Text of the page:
A quick glance at this 250 GT SWB (s/n 3337GT) reveals a handsome, pristine, steel-bodied, factory-correct Ferrari. But s/n 3337, approximately the 131st of 165 such street cars built, didn’t always look this way.
The SWB was ordered new by Monterey Historics founder Steve Earle. It bounced around various West Coast owners for most of the next 25 years until, in the late 1980s, Fossil Motorsports converted it to FIA-approved vintage-racing specifications. Fossil’s modifications including installing a rollbar and hot-rodding the engine with GTO headers, camshafts, and pistons, and a cold-air box, among other measures.
The Ferrari remained in this guise through several more owners, one of whom took the car, in 2001, to Motion Products for a respray in vibrant Giallo Fly paint versus the original dark red. S/n 3337 was shown in this configuration in the SWB 50th Anniversary class at the Pebble Beach Concours d’Elegance in 2010, and it’s notable the car was presented for display only. All of the mods likely would have been regarded as significant historical inaccuracies by the judges, although they made the Ferrari a perfect fit for its visit to the Monterey Motorsports Reunion in 2013.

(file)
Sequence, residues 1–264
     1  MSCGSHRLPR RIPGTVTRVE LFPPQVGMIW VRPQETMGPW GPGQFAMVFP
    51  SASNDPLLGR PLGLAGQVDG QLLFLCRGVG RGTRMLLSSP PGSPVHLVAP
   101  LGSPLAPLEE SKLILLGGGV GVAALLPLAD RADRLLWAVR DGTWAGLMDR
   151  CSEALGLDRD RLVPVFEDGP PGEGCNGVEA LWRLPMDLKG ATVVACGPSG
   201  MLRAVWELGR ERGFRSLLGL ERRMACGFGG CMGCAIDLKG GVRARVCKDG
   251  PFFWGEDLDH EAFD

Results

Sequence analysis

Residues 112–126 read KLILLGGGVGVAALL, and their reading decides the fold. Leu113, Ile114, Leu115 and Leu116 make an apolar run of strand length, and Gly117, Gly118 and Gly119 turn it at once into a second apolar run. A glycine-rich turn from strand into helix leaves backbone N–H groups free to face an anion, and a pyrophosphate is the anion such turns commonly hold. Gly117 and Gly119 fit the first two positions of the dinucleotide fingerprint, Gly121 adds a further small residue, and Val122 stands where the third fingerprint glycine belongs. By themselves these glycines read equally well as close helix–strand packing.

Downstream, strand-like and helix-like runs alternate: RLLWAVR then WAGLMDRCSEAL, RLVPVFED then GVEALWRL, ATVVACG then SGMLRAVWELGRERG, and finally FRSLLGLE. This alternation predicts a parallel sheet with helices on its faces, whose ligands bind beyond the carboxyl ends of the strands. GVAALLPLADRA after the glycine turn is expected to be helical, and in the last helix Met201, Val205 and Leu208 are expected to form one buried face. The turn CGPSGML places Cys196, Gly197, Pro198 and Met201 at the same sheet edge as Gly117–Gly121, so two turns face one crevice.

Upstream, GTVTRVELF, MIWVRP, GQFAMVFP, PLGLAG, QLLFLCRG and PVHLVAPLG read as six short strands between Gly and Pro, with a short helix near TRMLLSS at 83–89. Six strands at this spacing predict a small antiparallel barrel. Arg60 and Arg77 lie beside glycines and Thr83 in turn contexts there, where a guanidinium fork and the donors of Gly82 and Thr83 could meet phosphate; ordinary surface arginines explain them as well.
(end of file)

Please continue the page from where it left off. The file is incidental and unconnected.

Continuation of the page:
In 2014, s/n 3337 found a new owner—and that owner, Bob Cohen of Beverly Hills, California, wanted to restore the SWB to its original factory configuration. To Cohen, the question of which restorer to entrust his new Ferrari to loomed large.
“I was concerned about giving up a car I had just acquired, and having it disappear for a couple years for a top-to-bottom restoration,” he admits.
For a recommendation, Cohen turned to friend, collector, and fellow SWB owner Ron Hein, who introduced him to Rex Nguyen. As the longtime restorer for one of Los Angeles’ high-line vintage-car brokerages, the slightly built and sinewy Nguyen had worked on many great Ferrari road cars over the years. Following his Platinum-winning restoration of a Daytona in 2011 and a Dino a year later, Nguyen found himself receiving Lussos, 275s, and more, and was invited to become a Ferrari Club of America concours judge in 2012.
“I asked Rex what his opinion of the car was,” recalls Cohen, “and he essentially rattled off a list of things he would do if I wanted to convert it to a concours-type car as opposed to a track car. I thought I knew a lot about these cars but I was just totally overwhelmed with all I did not know, especially when he went through the car and pointed out things on it that weren’t original.”